The seminary I attended was part of a theological federation of seminaries, much like the GTU in Berkeley. The organizing and leading of worship on holy days rotated around the colleges. My last year in seminary, the United Reformed Church’s college led Ash Wednesday. The URCs are essentially the combination of the Congregationalists and the Presbyterians in England. Peter McEnhill, my Theology professor, gave the sermon. This perfectly spherical, late 40s academic with a barely understandable Scottish brogue and a wry wit stood in front of about 200 theology students and staff, and his introduction was something like, “Ash Wednesday is the beginning of Lent. As a Scottish Presbyterian, I have never understood Lent, a period when we are supposed to be sad and miserable and focus on how sinful we are, because we Presbyterians are supposed to be sad and miserable and focus on how sinful we are all year round!”   

 

If you look at our worship, there are three places for penitence, for focusing on how sinful we are, and that’s the Confession, the Agnus Dei or “Lamb of God”, when we use it, and the Collect for Purity, right at the beginning. Those of you familiar with Rite I or the 1928 Prayer Book, you will know that there is a 4th moment of penitence, and that is the Prayer of Humble Access. Our worship, our tradition and our practice of faith ensure that we do not end up like the Pharisee. We are continually reminded that our prayer is out of humility, and that our reliance is upon God.   

 

Going back to the Bakkers…it's not so much about the sex scandal. For sure, all Christians are vulnerable to scandal, and many in the pews will remember the sex scandal that shook this Diocese when it was still young and vulnerable. It's about showing true contrition and lifting your concerns and sins to God, for it is from God that mercy and forgiveness come. The Evangelical tradition (which manifests itself across the Christian spectrum) is concerned about numerical growth, bringing more and more people to Christ. What was made clear with the Bakker scandal was that their success led to pride, probably a bit of a God complex, which led to self-reliance at the expense of good people.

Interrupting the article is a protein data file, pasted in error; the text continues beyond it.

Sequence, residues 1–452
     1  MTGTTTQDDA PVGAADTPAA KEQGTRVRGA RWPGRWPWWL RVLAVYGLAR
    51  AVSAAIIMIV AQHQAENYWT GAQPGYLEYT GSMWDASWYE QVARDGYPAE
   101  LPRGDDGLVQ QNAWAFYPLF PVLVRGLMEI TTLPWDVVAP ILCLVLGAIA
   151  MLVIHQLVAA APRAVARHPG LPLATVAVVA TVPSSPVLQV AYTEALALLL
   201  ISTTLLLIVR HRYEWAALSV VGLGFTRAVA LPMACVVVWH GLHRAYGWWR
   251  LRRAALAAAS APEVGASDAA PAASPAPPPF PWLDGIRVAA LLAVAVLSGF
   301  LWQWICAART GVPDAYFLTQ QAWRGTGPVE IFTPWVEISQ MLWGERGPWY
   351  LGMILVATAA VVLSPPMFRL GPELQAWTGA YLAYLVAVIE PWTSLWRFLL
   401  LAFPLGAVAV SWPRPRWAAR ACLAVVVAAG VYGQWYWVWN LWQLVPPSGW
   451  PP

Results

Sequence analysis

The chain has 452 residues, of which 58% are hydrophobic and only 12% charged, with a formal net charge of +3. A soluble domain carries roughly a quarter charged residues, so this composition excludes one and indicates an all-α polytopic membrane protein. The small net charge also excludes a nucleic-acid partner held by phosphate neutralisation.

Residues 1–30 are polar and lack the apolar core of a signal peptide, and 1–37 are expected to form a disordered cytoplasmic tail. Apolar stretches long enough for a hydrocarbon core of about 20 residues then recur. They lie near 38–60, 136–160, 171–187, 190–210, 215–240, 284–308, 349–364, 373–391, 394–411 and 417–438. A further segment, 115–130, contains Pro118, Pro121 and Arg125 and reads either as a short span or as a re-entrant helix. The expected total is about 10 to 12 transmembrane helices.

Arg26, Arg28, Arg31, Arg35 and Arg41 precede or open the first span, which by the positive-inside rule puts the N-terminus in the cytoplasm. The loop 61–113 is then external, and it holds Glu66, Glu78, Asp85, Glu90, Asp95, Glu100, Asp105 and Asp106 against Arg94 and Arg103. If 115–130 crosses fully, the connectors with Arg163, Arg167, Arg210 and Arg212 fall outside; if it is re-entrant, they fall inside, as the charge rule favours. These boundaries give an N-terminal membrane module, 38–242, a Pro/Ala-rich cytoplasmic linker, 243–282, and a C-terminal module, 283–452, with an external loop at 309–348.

I do not want to suggest that people like Jim & Tammy Faye Bakker or the Pharisee are unworthy of redemption. Their relationship with God is what determines that, not my opinion of them. After serving his time for fraud and Tammy Faye divorcing him, Jim Bakker remarried and returned to televangelism. [A kind of redemption.]   

 

The ironic thing about Jim & Tammy Faye Bakker is that the “PTL” in the PTL Club stands for “Praise The Lord” or “People That Love”. I have no doubt that the Bakkers and their followers were praising the Lord or were people who love. The fallout and demise of the ministry is a modern day illustration of the Pharisee in which boasting about one’s praise or one’s expressions of love, on the surface, appear to be of more value than others. But in fact, as Jesus illustrates, it is when we come to God through prayer with humility and a penitent heart.   

 

Again, there is no one who is not worthy of redemption. That is in the hands of God. And in today’s reading from Joel, we are given the promise of redemption and restoration. That salvation is contingent upon one thing – not upon the strength of your prayer, almsgiving and fasting, not upon how many believers you create, not upon how much money you make.

 

The most consistent message of salvation throughout Biblical history is: that everyone who calls on the name of the Lord shall be saved.   


Almighty and everlasting God, increase in us the gifts of faith, hope, and charity; and, that we may obtain what you promise, make us love what you command; through Jesus Christ our Lord. Amen.